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Eesti Vabariik


Republic of Estonia


  Köismäe Torn Oleviste Kirik Plate Torn Tallinn  

In and near the 13th and 14th century Walls of Tallinn, the Plate Torn (tower), the 12th century Oleviste Kirik and the Köismäe Torn. Tallinn was known as Reval from around 1219 until 1917.
The Oleviste Kirik - Saint Olaf's Church, like the other churches within the medieval gem which is the Old Town of Tallinn was Catholic before become Lutheran and then, of course, empty.
Recalling the actual life of Norwegian King Saint Olaf (Olav II Haraldsson den hellige, r. 1015 - 1028), might help the Christian to take a more charitable view of the actual lives of other, later canonized Christian kings, Володимѣръ Свѧтославичь - Volodymyr of Kievan Rus, for example. Photo from 22 XII 2014.




Püha Aleksander Nevski Katedraal - Alexander Nevsky Cathedral  
As with any corner of Christendom, to understand Estonian mindsets and behavior one must consider, among many other things, her size, location, population and history. In the case of the Estonians an abiding uneasiness, if not a siege mentality, would seem far more justified than in the average case. A country with a population of about 1.3 million on a territory of 45,227 km² and immediately adjacent to the more densely populated portion of a country with 144 million people, the resources of a territory 17,098,242 km² in extent and a pronounced proclivity toward chauvinism, nationalism and an unbalanced view of the balance of the rights and wrongs of recent history, all this would seem a perch precarious enough. But it gets worse. The ethnic Estonians, a Finnic people, are only about 70 percent of the inhabitants of their own country, or about 900,000 people of the total population of 1,300,000. As an aside, unlike the case with other countries of European Christendom with small populations — Ireland and Armenia come to mind — the Estonians do not have a large diaspora, Estonians abroad numbering perhaps 150,000. Russians and Belarusians make up about 26 percent of the population of Estonia, up from about 8 percent a hundred years ago, due in part to Soviet policies with some imperfect analogies to the Communist Chinese policies regarding dilluting Tibetans and Uyghurs with "Han" Chinese over more recend decades. Objective observers will understand that the Estonians would be less than delighted with this state of affairs under the best of circumstances, and there is some chance — the present writer believes quite small — that great power miscalculations in this region could set back the cause of United European Christendom to an extent and for a time difficult to guess at. And this is a great shame. Russians, and Russian Orthodoxy, at their best could have a great deal to contribute to Estonia if the Russians were to add a healthy measure of introspection and contrition, of that humility - Смирение (Smireniye) which figures so prominently in their Christian ideal. Some of this is already in the striving. Not enough.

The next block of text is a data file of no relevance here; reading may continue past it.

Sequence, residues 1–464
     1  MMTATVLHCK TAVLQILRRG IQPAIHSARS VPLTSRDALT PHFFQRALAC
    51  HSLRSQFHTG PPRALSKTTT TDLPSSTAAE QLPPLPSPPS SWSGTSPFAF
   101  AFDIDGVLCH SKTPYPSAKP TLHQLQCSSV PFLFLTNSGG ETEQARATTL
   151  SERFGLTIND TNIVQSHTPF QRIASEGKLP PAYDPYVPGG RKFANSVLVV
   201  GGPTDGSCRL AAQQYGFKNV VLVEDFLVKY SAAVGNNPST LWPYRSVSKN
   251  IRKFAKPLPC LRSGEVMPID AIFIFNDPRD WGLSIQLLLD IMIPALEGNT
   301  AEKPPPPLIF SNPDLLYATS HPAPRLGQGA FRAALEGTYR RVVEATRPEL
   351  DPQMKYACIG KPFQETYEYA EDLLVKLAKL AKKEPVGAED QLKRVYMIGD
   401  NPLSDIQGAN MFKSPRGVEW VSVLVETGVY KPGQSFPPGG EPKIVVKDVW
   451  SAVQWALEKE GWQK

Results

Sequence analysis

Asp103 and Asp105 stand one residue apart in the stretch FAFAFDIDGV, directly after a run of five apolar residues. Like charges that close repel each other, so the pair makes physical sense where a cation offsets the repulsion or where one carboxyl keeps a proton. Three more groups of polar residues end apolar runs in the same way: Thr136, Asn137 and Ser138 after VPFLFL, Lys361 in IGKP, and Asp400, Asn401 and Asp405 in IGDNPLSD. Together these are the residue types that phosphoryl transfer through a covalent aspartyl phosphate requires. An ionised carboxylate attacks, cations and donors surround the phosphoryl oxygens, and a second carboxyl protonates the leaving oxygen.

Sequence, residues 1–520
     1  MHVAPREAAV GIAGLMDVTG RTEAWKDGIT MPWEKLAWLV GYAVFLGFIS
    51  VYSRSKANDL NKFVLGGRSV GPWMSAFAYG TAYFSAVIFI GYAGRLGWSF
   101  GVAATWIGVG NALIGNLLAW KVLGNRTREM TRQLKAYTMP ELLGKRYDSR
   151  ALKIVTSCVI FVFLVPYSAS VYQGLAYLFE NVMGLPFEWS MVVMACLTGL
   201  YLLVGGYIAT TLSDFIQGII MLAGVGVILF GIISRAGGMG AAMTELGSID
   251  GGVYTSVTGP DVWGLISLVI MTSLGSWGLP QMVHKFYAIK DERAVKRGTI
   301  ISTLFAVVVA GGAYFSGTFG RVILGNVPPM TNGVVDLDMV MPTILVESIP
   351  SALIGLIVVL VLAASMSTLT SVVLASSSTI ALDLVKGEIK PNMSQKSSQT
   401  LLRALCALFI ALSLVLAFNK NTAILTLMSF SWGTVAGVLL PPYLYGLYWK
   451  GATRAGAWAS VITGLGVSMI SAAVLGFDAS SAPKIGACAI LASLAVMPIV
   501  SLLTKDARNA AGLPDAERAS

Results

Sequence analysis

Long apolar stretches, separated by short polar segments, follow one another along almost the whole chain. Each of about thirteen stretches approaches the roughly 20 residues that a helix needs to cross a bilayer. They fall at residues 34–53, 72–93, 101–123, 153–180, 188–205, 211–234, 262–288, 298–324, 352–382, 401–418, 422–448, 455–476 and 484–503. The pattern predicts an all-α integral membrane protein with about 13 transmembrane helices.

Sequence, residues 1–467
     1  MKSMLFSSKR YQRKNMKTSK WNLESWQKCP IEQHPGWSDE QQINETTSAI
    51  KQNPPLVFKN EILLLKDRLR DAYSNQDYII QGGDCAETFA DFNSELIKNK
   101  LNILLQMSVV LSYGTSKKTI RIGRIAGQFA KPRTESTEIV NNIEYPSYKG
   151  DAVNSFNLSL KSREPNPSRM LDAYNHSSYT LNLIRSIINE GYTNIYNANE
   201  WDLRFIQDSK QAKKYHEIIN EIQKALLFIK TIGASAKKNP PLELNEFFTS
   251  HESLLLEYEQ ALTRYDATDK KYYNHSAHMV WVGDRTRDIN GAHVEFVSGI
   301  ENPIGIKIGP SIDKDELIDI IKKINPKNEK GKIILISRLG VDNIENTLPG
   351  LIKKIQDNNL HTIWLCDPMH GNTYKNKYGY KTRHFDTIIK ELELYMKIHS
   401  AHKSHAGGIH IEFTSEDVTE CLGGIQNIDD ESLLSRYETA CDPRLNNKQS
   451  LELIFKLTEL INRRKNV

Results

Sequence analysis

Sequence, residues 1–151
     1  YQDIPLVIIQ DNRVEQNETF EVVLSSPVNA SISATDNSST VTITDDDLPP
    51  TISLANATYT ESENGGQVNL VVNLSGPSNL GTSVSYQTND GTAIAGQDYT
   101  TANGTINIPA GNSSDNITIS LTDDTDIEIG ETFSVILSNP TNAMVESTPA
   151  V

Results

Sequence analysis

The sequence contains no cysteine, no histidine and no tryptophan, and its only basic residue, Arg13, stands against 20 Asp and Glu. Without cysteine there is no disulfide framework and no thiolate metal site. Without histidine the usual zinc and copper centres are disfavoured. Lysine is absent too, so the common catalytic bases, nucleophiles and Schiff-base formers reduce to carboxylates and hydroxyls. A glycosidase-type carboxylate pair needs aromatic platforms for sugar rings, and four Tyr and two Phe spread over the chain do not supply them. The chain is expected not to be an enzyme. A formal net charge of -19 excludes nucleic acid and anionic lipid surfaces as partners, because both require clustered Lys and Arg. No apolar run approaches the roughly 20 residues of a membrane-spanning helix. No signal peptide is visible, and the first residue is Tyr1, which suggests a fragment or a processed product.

Kaarli kirik – Charles Church  
  Thanksgiving alone in 2016.  




  Raekoja Plats in Tallinn with girl cheering me up  
  Raekoja Plats in Tallinn with girl cheering me up.  




  stenbocki maja atop toompea and trees  


Eesti – Estonia future flag   Eesti – Estonia future flag  

Eesti - Ühine Euroopa Kristluse

(Sorry good people. Your language is not an easy one; and the word Christendom has fallen into disuse, more so still in the countries, Estonia and the Czech Republic, which surveys and polls suggest are the most atheist in European Christendom. But this can change, and it if does perhaps you can escape the demographic death which is the currently forecast lot of your people, though what used to be your landmass will of course continue to exist. Other possibly Estonian renditions of United European Christendom might include:

Ühendatud Euroopa Kristluse
Ühinenud Euroopa Kristluse
Ühtekuuluv Euroopa Kristluse
Ühtehoidev Euroopa Kristluse
Terviklik Euroopa Kristluse )

One of these should be made the national flag of Estonia, with a Christian Nordic Cross.

  Estonia - United European Christendom